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The Death of Germanicus by Nicolas Poussin – Top 8 Facts

When an aspiring French artist moved to Paris as a young man, he never managed to find his artistic breakthrough.

He did, however, see the amazing paintings produced by Renaissance artists and Baroque artists in Italy. This motivated Nicolas Poussin (1594-1665) to try his luck in Rome where he painted this work.

In this article, you’ll discover some of the most interesting facts about The Death of Germanicus by Nicolas Poussin, one of Poussin’s ultimate masterpieces.

1. It was completed shortly after he arrived in Rome in the 1620s

Nicolas Poussin was born in a small village in the Normandy region of France. His parents didn’t like that he wanted to become an artist so he left his elderly house in 1612.

He traveled to Paris where the details about his training remain rather obscure. We do know that he was able to study the royal collection, something that defined the rest of his career.

He already tried to reach Rome in 1617 and 1618 but didn’t see the city he wanted to travel to until the Spring of 1624. Except for a brief period in the early 1640s, he never left the Italian capital.

His career didn’t skyrocket in the first couple of years in Rome, especially when one of his major patrons left the city.

He finally got his major breakthrough in 1626 when he earned the commission for The Death of Germanicus and he completed the work in 1627.

Nicolas Poussin
Self-portrait of Nicolas Poussin / Wiki Commons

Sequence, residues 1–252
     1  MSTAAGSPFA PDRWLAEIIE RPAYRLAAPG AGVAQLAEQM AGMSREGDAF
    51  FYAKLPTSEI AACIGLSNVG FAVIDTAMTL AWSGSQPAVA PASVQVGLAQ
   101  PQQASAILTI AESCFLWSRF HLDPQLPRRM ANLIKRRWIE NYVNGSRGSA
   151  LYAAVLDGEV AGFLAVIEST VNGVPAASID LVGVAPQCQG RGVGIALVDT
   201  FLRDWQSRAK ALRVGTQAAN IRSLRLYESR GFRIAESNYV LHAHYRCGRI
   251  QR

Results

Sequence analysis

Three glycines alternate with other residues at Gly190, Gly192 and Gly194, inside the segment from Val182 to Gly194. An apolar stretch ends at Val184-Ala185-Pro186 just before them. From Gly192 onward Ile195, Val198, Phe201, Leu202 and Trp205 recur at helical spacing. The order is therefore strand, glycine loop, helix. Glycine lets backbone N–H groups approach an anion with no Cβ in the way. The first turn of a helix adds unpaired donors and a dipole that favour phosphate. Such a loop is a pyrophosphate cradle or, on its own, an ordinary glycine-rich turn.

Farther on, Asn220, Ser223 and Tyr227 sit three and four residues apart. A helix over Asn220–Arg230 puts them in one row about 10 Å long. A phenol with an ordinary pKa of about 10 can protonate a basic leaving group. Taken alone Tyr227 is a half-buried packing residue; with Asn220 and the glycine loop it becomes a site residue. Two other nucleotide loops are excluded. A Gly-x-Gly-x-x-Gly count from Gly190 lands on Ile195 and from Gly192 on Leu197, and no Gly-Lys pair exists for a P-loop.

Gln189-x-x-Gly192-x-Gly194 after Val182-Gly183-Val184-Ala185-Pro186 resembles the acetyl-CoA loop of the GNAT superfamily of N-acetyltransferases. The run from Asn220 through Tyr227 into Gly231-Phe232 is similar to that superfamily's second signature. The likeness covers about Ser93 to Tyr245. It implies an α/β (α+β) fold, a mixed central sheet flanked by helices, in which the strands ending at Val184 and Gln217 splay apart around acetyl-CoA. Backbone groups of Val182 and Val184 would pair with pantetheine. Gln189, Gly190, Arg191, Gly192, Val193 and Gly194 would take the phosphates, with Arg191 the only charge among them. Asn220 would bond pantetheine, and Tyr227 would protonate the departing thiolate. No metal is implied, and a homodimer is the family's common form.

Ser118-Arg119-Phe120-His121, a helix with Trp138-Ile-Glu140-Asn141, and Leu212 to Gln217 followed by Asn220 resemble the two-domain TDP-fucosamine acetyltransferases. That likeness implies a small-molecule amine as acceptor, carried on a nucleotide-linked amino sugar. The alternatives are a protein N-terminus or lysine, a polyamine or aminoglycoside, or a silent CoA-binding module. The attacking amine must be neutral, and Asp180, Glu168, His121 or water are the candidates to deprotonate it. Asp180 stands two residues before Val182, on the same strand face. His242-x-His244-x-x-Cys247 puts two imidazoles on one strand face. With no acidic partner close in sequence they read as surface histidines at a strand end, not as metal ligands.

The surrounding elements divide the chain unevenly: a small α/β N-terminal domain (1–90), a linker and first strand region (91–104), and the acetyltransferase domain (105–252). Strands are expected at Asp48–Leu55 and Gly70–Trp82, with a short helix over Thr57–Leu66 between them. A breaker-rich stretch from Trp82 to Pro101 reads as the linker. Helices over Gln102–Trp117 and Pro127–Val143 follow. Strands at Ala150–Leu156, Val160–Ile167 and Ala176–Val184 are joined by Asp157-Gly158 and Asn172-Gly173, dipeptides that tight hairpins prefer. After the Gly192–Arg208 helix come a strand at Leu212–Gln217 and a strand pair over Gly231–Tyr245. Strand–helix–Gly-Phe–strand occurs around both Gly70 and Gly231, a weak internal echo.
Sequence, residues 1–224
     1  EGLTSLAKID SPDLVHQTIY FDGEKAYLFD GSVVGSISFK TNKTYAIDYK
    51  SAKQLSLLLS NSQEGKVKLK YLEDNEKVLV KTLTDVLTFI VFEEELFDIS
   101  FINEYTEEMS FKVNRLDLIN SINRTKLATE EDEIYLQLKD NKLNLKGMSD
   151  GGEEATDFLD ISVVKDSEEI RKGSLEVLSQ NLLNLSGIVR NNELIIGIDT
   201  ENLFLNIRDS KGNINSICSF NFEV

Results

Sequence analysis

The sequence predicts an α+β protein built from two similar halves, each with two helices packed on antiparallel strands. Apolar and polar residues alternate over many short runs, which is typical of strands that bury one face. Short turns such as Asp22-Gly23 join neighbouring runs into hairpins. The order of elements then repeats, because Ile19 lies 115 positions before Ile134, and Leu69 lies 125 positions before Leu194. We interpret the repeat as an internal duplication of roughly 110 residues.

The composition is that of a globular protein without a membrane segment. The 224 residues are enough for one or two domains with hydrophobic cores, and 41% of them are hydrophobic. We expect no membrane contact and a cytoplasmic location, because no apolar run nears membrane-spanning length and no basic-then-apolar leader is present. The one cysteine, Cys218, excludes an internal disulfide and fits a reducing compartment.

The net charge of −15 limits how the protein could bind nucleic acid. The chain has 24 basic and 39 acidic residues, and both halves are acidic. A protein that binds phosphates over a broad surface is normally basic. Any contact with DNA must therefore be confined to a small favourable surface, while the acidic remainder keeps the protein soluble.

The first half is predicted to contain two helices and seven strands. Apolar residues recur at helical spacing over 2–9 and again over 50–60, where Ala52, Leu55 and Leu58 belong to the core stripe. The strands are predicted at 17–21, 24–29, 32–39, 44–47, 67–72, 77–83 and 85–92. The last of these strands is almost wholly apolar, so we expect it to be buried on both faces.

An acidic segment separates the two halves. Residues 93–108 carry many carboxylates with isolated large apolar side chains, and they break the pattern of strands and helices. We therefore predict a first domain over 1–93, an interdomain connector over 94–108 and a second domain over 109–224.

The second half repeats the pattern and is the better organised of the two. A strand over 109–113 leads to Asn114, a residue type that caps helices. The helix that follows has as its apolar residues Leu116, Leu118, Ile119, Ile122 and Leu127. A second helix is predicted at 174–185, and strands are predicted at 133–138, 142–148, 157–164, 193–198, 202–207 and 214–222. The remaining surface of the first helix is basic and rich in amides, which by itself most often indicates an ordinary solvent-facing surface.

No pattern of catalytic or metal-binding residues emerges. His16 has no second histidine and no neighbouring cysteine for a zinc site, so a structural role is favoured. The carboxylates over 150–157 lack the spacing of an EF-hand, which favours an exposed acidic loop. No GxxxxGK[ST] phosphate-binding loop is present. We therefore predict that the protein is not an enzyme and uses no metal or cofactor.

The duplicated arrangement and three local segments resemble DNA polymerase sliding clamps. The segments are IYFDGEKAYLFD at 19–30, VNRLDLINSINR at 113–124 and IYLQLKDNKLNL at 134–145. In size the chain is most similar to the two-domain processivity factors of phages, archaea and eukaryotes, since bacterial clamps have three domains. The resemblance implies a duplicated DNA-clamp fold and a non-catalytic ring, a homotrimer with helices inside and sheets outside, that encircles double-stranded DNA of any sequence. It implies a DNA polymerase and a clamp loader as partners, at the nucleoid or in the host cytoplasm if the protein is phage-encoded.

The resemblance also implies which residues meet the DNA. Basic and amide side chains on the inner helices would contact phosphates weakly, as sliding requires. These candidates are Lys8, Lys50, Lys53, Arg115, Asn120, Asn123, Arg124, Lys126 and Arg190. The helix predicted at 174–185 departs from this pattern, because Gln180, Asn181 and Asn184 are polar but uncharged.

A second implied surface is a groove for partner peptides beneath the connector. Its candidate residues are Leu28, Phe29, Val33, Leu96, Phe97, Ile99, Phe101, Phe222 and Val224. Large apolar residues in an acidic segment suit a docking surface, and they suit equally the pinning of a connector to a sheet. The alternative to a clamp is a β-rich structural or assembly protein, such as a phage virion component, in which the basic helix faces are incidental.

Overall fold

2. It depicts the tragic death of a popular Roman General

As the name of the painting suggests, it depicts Roman General Germanicus (15 B.C. – 19 A.D.) on his deathbed.

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Germanicus Julius Caesar was a popular Roman General because he led the Roman army to victories against the feared Germanic people.

He was the older brother of Claudius, the fourth Roman Emperor, and was working in the service of Tiberius, the second Roman Emperor who succeeded Augustus.

The scene takes place in the ancient city of Antioch in modern-day Turkey. Germanicus was sent here to fight in Syria but the local governor named Cnaeus Calpurnius Piso opposed this.

Germanicus claimed that he was poisoned by Piso on the orders of Tiberius. Whether or not this was true remains uncertain, but Piso was tried and found guilty.

The Death of Germanicus Poussin
Full view of the painting / Wiki Commons

3. The painting was commissioned by a rich Italian Cardinal

The painting was commissioned by the main patron of Nicolas Poussin in Rome, Cardinal Francesco Barberini (1597–1679).

He was the nephew of Pope Urban VIII (1568-1644) and managed to acquire a lot of wealth in his position. Nepotism was rampant at the Vatican ad he was given multiple positions by his powerful uncle.

It wasn’t the first painting that Barberini commissioned from the Baroque artists. He already completed a painting titled “The Destruction and Sack of the Temple of Jerusalem” between 1625 and 1626.

This work is part of the collection of the Israel Museum in Jerusalem.

Although Poussin already completed the painting in 1627, it was only delivered on January 21, 1628. The artist received 60 crowns for his work.

Francesco Barberini
Francesco Barberini / Wiki Commons

4. Poussin found inspiration for the painting in both ancient and contemporary works

The French artist closely studied the French royal collection in Paris. When he arrived in Rome, he had access to an even larger collection of fine art to find inspiration.